|Cindy S. Spillers, Ph.D.||
"Normal speech reflects inner order and cluttering
is the mirror of inner disorder." (Deso Weiss, 1964, p.37)
1. Excessive speed
People who clutter tend to talk fast and in short bursts, giving the overall impression of being rushed.
Characteristics of fast speech associated with cluttering
- festinating rate
- telescoping of words
- shortened pauses between words
- removal of natural pauses and vocal punctuation marks
- reduced intelligibility
Speed by itself is not a problem; speed plus lack of precision and accuracy becomes a problem.
Uneven, jerky, short, shallow breaths when talking. The person speaks in short bursts of syllables and jumps from one burst to the next, taking in enough air to get through the little bursts of syllables.
Articulation is characterized by a lack of precision. Errors are variable: the person doesn't necessarily make the same mistake on a word each time it is produced. Common errors:
- omissions of sounds, syllables, and whole words
- metathesis (reversing speech sounds)
- repetitions of initial sounds
- drawling - prolonging Vs
- vowel stop - articulators are set for a V but no sound comes out; can be confused with a stuttering block
Monotone or stereotyped melody patterns. The person uses a limited pitch range and uses the same inflection pattern over and over. As the message comes out in short bursts, the inflection pattern will be the same on each burst.
5. Lack of Rhythm
Most people who clutter have difficulty perceiving rhythm patterns and then reproducing them. Some clutterers have difficulty with singing and other musical skills, whereas others do OK in music but have dysrhythmic speech.
6. Motor Abilities
Many clutterers are late at reaching developmental milestones associated with motor development (e.g. holding head up, sitting without support). Many also show motor coordination difficulties - they look clumsy, awkward, restless, moving something all the time.
7. Poorly Integrated Thought Processes
Many clutterers show an impulsivity and lack of control that comes from not thinking things through or planning things out. This shows up in speech as disjointed messages. The person doesn't have the thought together very well before beginning to speak. Instead s/he has a vague idea that s/he seems driven to express immediately, rather than waiting until the thought is more complete.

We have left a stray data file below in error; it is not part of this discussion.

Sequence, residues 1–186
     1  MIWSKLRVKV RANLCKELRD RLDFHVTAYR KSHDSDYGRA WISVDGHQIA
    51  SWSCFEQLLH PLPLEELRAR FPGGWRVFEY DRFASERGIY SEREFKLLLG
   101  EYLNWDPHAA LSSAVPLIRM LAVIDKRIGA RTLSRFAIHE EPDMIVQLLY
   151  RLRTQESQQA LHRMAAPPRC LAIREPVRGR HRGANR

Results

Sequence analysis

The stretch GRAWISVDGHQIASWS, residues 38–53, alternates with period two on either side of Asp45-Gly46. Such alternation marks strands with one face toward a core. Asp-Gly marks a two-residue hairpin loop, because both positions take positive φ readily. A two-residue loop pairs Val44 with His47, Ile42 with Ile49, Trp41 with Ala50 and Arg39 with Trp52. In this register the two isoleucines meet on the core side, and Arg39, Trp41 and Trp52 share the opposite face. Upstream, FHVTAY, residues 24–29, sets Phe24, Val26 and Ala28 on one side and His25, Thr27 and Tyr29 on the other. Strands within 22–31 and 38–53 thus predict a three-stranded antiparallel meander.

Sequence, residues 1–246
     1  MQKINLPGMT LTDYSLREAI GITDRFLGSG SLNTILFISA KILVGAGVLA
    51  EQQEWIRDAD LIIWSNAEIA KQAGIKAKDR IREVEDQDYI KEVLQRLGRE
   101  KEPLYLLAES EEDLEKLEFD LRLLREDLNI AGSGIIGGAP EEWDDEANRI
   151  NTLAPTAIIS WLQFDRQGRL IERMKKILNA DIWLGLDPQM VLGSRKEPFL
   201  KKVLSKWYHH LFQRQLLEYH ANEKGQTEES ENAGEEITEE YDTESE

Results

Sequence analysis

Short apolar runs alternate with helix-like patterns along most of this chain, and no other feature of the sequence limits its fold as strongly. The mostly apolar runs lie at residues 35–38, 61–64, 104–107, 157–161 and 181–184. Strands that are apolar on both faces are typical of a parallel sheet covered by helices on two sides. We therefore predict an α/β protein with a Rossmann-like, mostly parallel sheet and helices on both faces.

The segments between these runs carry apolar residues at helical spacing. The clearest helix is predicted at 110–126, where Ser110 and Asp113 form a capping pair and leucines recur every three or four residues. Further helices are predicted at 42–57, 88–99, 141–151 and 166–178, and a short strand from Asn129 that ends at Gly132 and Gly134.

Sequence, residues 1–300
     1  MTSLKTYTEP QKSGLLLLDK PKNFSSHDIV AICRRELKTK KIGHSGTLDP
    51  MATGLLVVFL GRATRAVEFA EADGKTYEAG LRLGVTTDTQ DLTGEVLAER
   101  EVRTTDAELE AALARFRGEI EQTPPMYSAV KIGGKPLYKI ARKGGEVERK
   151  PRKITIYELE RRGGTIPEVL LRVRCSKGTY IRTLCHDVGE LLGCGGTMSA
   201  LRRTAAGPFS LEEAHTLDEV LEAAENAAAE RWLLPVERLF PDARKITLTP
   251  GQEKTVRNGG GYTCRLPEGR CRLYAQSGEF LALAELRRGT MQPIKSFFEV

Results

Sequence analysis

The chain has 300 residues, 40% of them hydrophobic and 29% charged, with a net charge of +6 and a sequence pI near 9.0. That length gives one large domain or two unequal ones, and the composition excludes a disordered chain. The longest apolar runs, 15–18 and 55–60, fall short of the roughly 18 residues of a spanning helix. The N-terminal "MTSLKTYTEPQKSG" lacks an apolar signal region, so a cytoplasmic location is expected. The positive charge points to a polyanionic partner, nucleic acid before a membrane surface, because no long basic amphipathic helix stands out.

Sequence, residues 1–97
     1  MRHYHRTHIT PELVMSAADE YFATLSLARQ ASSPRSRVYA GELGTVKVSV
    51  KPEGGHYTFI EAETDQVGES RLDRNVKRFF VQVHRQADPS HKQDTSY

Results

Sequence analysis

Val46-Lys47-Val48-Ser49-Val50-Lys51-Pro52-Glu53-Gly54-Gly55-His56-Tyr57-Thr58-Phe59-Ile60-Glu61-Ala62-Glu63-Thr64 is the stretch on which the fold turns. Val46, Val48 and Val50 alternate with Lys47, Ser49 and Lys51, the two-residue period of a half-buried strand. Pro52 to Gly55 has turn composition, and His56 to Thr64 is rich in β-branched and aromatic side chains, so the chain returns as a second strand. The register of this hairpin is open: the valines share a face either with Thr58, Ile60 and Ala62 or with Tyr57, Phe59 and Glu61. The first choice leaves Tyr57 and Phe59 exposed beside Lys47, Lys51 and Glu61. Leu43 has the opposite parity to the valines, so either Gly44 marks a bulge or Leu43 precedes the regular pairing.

8. Language Difficulties
Poor grammar as demonstrated in confusion of pronouns, verb forms, singular-plural forms. The message comes out as long chains of brief, incomplete ideas that don't go anywhere. Clutterers often leave sentences unfinished.
9. Reading and Writing Disorders
Reading and writing errors mirror the speech errors. Clutterers often read by sight recognition, rather than sounding words out. They will recognize the first part of the word and then guess at the remainder, often guessing incorrectly. They telescope and skip words when reading and skim the text. During recall tasks, they will often miss the main idea and elaborate on details. Writing skills also mirror speech skills, with many misspelled words, telescoped words, and omitted words. Handwriting is notoriously difficult to read.
10. Intelligence and Personality
Clutterers often have average or above average IQs. They tend to do well in math and abstract reasoning areas and low in language oriented and musical areas. Personality characteristics include impulsive, hasty, forgetful, untidy, and impatient. Kids who clutter are often perceived as "weird" and "klutzy" because of their impulsivity, visual perception difficulties, and lack of motor coordination.
Cluttering has a strong, but little understood hereditary link. Most people who clutter report that at least one other person in the family has a communication disorder or learning disability of some kind. A sex ratio of 4:1 males:females was reported by Weiss.